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Which groups in the U.S. today tend to vote at higher rates, and which at lower rates?  What do you think the sources of these patterns might be?

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Political scientists argue that people make the decision on whether to vote on the basis of a cost/benefit analysis.  They weigh the costs of voting with the benefits that they expect to get.  If the benefits outweigh the costs, they vote.  In order to think about why some groups of people vote more than others, we need to think about the costs and benefits that various groups get.

Of course, no one has to pay to vote.  The costs are, instead, costs in terms of time and effort.  This means that there are two groups that will not have very high costs.  One of the groups is people who are educated.  These people are more likely to already know a great deal about the political system.  When election time comes around, they do not have to spend a great deal of time and effort becoming familiar with issues and candidates.  If they do have to spend some time, their ability to find and understand information makes it easier for them to learn the things they need to learn.  This is in contrast to people with less education who will have to work harder to become informed.

A second group that will have low costs is elderly people.  Such people are generally retired.  Therefore, it does not matter as much to them if they have to spend time learning about issues or if they have to spend time standing in line to vote.  They have less to do and therefore do not feel that spending time on voting is a major cost.

Since no gets paid to vote, the benefits of voting must be psychological or emotional.  People will get the feeling that they have done their duty.  They will feel that they have acted as good Americans should.  They might also feel that they have done what they can for “their” side in the election.

This will typically mean that people who are happier with the American system will vote more.  They will feel more as if they should be good Americans and they should do their civic duty.  Richer people are more likely to feel this way.  Whites are more likely to feel this way than minorities.  Those groups typically feel that the system works for them and so they feel inclined to vote.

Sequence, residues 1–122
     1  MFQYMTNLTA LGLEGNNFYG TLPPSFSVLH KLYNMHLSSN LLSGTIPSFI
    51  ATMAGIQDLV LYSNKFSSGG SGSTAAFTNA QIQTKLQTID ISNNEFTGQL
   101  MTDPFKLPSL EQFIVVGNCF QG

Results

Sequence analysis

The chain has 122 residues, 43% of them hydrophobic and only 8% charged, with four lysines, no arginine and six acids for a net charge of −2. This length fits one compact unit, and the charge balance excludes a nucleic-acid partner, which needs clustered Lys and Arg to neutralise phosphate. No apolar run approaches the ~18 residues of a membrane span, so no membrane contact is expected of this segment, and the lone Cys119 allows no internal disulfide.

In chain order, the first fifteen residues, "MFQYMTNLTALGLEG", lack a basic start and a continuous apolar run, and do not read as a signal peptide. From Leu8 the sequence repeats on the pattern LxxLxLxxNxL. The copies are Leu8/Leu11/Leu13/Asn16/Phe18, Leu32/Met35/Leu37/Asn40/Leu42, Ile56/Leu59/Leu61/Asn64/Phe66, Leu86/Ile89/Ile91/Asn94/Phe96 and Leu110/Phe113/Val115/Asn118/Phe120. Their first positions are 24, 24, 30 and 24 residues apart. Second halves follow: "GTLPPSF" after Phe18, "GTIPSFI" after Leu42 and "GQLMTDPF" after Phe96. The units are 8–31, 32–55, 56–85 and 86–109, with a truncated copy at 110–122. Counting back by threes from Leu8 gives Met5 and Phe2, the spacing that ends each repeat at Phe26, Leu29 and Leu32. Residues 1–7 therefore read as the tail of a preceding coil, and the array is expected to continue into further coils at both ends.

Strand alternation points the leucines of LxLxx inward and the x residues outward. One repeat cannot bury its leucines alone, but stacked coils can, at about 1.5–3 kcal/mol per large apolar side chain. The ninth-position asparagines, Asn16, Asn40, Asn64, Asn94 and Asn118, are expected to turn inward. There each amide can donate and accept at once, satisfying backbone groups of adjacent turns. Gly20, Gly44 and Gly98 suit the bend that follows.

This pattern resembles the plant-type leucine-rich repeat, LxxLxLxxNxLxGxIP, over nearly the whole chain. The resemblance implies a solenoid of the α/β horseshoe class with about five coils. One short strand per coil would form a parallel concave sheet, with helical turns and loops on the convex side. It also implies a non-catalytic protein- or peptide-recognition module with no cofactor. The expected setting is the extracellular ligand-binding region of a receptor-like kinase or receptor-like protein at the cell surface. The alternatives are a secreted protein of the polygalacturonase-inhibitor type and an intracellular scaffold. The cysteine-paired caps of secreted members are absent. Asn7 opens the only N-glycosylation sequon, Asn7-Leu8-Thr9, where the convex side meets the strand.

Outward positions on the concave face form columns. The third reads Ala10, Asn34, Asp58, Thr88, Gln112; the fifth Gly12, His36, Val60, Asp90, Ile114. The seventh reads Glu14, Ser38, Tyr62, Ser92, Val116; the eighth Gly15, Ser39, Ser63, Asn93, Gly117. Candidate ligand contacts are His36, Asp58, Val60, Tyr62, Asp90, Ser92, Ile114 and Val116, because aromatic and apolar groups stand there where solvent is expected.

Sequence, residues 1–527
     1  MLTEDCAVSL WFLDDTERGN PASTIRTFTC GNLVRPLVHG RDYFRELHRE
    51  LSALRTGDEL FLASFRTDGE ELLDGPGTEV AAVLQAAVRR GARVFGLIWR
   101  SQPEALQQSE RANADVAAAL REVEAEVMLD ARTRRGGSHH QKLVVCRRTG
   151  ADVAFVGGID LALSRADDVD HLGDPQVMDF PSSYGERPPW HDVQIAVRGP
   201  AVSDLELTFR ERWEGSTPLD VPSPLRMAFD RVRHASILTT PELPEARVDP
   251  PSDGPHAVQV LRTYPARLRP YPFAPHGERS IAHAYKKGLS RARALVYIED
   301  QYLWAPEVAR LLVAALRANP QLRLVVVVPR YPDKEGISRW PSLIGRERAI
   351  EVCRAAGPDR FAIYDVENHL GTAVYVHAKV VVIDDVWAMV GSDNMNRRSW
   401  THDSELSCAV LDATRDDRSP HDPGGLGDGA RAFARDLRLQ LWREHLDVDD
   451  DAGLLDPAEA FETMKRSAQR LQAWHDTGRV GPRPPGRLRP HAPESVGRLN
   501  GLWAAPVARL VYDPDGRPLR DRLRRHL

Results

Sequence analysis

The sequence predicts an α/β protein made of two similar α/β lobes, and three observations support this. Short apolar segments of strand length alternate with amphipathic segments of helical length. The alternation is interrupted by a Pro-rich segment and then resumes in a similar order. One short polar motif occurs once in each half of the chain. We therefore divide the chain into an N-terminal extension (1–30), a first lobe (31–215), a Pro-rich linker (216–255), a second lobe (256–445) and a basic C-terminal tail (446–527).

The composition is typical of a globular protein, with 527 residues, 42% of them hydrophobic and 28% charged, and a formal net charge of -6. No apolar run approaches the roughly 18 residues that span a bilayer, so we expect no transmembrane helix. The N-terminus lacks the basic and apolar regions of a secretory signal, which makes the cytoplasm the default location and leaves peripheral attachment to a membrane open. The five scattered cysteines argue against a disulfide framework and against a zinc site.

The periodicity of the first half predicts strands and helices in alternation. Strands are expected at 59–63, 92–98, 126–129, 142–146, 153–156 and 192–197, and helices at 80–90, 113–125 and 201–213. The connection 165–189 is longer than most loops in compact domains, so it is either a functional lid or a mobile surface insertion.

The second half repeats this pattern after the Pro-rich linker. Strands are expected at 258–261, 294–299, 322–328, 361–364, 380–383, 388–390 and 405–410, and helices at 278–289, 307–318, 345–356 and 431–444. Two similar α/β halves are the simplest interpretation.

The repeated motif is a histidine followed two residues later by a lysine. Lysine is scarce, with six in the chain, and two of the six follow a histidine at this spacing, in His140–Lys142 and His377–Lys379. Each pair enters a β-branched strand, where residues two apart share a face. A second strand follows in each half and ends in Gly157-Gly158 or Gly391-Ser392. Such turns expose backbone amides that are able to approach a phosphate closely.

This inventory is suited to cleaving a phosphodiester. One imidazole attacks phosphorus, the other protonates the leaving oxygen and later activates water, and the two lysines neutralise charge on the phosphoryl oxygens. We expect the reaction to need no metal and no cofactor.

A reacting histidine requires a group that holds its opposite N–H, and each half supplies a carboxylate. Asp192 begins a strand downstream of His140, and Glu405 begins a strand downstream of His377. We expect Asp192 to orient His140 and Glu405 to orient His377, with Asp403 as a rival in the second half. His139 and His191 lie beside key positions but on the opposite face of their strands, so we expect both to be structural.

Thus, we can see why older people, more educated people, richer people, and white people tend to vote more than others.

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Which groups in the U.S. today tend to vote at higher rates, and which at lower rates?  What do you think the sources  of these patterns might be?

Let us start by looking at a few groups that vote more and a few corresponding groups that vote less often.  After identifying the groups, we can think about why they behave as they do.

First, whites tend to vote more than non-whites.  African Americans have caught up to whites in recent elections, but Asians and Hispanics continue to vote much less often than whites (and blacks) do.  Second, people with more education tend to vote more than people with less education.  Third, older people vote much more than younger people.  Finally, richer people tend to vote more than poorer people do.  Let us think about why this might be.

One reason for some of these differences is that some groups have lower costs for voting.  Political scientists believe that if the costs of voting are too high, people will not vote.  Voting does not cost money, but it does have costs in terms of the time and effort needed to become educated on the issues and candidates and (in most states) in terms of the time needed to actually go and vote.  We can say that better educated people will not need to take as much time learning about issues and candidates because they are likely to be better informed about the political system.  The same is true for older people who generally have more time and are more likely to spend some of that time following politics.

Another reason for some of these differences is that some groups derive low benefits from voting.  Political scientists believe that people will not vote if the benefits they get from voting are too low.  The benefits of voting are psychological and emotional.  People get an emotional benefit from voting if they feel that it is their civic duty to do so.  They get benefits from voting if they feel that they are participating in a system that works for people like them.  In general, white people and richer people are much more likely to feel that the system works for them.  They are much more likely to feel that they have a civic duty to vote because they are more likely to feel a strong connection to the country and its system.

Thus, some groups vote more than others because they have lower costs for voting and/or because they derive more benefits from doing so.

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